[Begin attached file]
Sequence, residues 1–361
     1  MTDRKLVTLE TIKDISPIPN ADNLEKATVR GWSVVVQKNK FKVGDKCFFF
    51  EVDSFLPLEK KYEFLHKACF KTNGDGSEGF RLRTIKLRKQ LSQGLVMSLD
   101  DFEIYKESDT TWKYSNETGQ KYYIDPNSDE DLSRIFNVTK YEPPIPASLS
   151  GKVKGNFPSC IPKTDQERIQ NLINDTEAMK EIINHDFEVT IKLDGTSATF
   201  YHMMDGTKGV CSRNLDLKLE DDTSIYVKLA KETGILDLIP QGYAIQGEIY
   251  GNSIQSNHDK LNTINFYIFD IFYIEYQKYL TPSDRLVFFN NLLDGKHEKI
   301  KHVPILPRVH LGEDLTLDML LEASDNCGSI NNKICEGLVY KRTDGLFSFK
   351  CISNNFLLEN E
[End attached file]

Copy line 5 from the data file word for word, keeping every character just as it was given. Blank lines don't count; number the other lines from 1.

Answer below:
   151  GKVKGNFPSC IPKTDQERIQ NLINDTEAMK EIINHDFEVT IKLDGTSATF